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Salesforce’s Marc Benioff: “I was in unexplored territory for a CEO”

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18.10.2019

“Do you know how many trees are on the planet Earth?”

“I wish I did.”

“There’s 3 trillion trees. Do you know how many there used to be?”

“How many?”

“Six trillion. If you plant 1 trillion trees, do you know how much carbon you sequester?”

“How much?”

“205 gigatons. It’s as much carbon [that’s] been created since the first Industrial Revolution. So that’s very powerful to know that. And did you know that there’s people today who are on campaigns to plant a trillion trees? If you plant a trillion trees, you will dramatically reduce global warming.”

Salesforce co-CEO Marc Benioff is politely schooling me about a wildly ambitious way to address climate change. And the fact that he takes it seriously leads me to take it seriously. After all, in an era when it’s rational to worry about the impact of big tech companies on our world, the cofounder of the provider of cloud-based enterprise software and services has as impressive a record as any currently active tech titan when it comes to leveraging his company’s enormous success for the greater good.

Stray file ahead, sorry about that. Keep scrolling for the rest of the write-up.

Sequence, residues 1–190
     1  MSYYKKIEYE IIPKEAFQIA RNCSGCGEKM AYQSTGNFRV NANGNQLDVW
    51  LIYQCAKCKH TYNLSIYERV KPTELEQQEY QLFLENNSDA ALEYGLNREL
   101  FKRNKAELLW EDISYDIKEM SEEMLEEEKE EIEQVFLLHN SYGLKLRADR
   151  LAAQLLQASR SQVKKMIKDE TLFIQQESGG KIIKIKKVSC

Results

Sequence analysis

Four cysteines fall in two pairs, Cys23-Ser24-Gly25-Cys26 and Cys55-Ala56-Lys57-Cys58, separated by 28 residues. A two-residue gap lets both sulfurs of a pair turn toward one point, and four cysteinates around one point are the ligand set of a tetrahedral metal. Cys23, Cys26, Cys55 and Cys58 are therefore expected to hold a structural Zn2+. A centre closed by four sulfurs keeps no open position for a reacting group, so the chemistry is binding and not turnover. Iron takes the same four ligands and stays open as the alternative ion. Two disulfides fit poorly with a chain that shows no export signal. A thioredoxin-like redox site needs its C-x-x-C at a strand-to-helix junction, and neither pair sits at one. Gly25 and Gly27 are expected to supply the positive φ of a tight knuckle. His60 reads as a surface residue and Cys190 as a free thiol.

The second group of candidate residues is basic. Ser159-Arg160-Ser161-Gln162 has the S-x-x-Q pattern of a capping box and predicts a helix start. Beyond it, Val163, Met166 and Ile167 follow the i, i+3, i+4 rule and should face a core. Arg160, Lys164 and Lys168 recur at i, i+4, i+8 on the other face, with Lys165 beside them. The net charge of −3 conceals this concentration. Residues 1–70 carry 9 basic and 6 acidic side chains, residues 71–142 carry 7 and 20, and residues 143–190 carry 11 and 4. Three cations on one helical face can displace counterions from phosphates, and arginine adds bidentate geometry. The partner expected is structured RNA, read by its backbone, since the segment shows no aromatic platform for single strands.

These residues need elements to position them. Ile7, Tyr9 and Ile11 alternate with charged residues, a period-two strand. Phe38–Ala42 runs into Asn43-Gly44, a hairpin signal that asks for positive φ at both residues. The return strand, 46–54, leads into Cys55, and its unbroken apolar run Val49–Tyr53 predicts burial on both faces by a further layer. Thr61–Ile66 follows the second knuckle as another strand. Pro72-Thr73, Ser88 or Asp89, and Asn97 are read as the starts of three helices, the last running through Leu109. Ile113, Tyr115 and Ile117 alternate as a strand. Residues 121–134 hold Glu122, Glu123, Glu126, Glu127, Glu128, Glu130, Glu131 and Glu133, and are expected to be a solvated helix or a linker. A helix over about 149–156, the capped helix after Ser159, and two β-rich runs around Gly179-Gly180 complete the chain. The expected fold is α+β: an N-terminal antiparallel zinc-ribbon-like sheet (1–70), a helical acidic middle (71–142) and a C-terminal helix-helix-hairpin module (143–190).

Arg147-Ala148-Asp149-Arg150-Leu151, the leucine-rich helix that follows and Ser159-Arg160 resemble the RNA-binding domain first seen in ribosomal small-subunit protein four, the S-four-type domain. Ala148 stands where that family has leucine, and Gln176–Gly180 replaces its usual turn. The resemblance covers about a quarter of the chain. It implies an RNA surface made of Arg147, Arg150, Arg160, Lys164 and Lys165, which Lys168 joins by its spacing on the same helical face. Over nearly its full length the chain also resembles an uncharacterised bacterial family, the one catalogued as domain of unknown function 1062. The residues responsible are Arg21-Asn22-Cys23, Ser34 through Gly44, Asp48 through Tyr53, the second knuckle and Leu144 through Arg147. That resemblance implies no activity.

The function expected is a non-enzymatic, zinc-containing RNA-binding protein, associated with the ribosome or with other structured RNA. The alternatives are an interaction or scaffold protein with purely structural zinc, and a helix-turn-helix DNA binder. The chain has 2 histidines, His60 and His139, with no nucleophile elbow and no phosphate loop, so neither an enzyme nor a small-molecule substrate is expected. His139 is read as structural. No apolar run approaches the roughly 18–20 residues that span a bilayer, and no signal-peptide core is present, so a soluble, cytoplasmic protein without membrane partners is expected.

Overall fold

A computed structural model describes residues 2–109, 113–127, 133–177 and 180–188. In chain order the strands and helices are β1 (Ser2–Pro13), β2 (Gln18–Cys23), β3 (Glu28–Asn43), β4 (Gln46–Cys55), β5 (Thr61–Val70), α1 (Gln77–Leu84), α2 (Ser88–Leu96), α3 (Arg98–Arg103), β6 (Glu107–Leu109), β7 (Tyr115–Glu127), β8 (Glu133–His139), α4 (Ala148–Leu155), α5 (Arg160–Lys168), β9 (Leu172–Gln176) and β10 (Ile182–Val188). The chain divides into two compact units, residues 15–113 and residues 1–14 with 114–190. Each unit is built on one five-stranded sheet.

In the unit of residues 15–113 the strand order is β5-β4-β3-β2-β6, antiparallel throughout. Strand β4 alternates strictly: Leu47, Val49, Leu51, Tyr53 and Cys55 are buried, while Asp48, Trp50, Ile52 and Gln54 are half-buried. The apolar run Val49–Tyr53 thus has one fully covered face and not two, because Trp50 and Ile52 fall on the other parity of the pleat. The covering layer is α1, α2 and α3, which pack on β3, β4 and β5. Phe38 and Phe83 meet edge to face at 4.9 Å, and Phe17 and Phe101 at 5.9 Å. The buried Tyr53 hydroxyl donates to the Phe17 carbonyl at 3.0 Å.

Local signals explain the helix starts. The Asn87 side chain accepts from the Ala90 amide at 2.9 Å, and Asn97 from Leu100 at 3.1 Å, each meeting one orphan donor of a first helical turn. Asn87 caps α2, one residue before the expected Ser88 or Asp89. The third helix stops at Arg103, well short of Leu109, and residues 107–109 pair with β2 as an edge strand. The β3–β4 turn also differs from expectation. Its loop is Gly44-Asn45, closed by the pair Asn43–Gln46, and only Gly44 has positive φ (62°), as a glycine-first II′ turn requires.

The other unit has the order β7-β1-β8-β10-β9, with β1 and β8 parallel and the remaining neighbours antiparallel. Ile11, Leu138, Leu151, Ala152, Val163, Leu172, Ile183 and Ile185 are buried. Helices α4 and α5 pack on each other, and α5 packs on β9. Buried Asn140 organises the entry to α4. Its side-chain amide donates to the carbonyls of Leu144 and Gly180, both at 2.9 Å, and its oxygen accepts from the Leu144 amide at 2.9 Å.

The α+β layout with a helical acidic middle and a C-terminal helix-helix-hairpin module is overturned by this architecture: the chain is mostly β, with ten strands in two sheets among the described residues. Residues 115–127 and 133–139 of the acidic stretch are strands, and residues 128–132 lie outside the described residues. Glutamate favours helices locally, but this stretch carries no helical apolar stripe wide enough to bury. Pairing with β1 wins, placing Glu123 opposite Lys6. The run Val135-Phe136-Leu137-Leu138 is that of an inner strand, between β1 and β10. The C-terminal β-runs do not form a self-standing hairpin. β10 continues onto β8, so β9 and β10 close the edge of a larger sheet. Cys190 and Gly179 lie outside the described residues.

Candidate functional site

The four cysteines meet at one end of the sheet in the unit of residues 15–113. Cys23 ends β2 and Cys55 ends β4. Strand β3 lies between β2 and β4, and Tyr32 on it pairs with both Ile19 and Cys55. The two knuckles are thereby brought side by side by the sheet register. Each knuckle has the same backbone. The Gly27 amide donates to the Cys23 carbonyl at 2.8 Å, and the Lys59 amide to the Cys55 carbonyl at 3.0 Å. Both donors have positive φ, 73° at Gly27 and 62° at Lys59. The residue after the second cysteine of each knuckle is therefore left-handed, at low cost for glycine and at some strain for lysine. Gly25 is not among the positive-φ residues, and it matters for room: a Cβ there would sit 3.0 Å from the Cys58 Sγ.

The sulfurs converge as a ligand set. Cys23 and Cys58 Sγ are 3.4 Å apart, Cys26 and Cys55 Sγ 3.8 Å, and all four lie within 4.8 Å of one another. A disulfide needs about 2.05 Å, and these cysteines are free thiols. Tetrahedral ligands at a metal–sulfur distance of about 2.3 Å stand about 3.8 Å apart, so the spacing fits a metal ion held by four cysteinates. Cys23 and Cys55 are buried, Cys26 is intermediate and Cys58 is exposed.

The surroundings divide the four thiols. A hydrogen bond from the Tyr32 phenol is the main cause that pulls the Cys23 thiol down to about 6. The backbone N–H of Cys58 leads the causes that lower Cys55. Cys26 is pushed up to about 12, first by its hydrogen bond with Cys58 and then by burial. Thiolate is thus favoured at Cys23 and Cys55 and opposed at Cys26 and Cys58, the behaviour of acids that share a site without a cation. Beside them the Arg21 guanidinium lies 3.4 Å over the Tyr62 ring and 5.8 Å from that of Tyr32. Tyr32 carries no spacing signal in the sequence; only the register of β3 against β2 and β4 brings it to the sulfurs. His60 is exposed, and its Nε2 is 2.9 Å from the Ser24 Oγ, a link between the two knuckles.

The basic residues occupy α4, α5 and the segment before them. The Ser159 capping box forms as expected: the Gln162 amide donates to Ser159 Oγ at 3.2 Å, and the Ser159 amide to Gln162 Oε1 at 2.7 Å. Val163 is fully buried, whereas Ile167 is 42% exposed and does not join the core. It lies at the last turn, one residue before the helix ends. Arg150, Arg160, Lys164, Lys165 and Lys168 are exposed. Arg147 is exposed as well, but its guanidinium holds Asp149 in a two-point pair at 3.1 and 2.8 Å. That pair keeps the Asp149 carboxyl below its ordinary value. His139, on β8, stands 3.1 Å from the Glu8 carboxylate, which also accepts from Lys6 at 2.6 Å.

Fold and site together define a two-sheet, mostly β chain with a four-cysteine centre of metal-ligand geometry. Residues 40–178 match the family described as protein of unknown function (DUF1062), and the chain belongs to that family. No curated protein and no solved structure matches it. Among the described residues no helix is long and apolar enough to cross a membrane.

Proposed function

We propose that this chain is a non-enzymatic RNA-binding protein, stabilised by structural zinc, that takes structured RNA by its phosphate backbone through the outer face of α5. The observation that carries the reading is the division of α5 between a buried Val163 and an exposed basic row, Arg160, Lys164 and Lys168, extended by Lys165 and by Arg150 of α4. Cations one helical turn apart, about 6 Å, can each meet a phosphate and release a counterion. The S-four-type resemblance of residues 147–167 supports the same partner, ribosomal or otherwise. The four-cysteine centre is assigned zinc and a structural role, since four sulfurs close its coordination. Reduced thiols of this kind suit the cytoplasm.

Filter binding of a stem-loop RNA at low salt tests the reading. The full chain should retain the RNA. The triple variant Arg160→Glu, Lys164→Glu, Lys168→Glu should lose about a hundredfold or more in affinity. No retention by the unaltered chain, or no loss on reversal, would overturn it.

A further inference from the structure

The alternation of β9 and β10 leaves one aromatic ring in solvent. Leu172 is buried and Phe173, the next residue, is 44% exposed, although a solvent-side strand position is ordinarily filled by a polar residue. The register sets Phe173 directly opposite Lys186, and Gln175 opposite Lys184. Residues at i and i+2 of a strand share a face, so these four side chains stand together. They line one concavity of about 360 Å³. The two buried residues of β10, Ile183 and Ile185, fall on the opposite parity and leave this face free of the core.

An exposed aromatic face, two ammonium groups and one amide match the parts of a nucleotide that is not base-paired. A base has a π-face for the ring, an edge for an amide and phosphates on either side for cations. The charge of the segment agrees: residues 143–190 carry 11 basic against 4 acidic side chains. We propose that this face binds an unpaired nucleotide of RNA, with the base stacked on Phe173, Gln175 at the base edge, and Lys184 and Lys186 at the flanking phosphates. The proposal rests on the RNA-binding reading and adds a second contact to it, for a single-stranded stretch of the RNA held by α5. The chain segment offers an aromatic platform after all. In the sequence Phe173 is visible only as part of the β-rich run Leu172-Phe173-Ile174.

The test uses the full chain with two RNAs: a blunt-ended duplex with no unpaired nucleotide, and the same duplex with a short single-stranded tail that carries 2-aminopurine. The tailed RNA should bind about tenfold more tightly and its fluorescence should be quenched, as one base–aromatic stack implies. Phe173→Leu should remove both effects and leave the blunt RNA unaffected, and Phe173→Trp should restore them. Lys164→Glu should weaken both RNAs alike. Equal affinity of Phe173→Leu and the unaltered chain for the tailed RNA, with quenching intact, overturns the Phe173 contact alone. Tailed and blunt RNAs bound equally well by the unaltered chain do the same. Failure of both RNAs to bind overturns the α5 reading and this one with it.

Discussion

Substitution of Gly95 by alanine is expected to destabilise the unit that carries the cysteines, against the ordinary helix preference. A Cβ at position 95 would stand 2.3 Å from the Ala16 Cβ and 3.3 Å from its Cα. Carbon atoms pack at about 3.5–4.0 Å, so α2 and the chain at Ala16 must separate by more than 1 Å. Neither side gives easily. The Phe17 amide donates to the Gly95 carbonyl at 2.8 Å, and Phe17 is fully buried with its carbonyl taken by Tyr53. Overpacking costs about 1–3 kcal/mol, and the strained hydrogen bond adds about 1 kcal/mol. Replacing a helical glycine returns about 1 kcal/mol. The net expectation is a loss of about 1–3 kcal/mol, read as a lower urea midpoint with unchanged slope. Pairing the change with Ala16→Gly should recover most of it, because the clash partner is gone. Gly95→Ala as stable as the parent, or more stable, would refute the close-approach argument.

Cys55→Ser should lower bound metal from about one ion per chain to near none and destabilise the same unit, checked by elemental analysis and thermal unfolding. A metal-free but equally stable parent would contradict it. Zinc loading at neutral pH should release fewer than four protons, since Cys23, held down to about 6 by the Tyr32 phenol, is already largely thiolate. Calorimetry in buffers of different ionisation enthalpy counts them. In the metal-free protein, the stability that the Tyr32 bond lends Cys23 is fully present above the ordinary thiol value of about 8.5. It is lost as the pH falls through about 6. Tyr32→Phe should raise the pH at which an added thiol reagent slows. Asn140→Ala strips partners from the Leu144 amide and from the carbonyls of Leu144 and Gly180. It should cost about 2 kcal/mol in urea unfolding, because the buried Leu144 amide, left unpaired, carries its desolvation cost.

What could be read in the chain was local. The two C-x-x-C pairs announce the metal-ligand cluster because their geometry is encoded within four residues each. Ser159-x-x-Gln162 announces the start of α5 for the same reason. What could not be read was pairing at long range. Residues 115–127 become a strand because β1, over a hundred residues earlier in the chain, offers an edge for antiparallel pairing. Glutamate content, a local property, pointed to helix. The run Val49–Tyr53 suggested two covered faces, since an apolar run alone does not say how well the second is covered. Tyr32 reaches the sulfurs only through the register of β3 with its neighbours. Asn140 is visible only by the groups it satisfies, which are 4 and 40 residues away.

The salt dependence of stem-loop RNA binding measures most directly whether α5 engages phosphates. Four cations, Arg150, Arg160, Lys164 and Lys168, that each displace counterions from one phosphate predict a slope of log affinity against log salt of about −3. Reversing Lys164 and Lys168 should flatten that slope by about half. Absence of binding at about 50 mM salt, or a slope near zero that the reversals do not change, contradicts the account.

Benioff has put some of his thoughts on this topic on paper in the form of Trailblazer: The Power of Business as the Greatest Platform for Change, a new book he wrote with former Wall Street Journal reporter Monica Langley. I spoke with him recently about the book and how he became an “activist CEO”—a term he says he initially found unnerving.

“When I went to school, we didn’t have classes on equality or net zero or ethical use of products,” he explains. “This is not what it meant to be a CEO. Being a CEO was just about following the principles of Milton Friedman. That is, it was only about making money. But now being a CEO means that you’re taking care of all stakeholders. That stakeholder return is as much table stakes as shareholder return.” (Salesforce, which has delivered a 3,500% return on investment to its shareholders as a public company, has flourished on both fronts.)

Salesforce’s impact on the world is especially tangible in its hometown, which is also Benioff’s own birthplace: San Francisco. The company is........

© Fast Company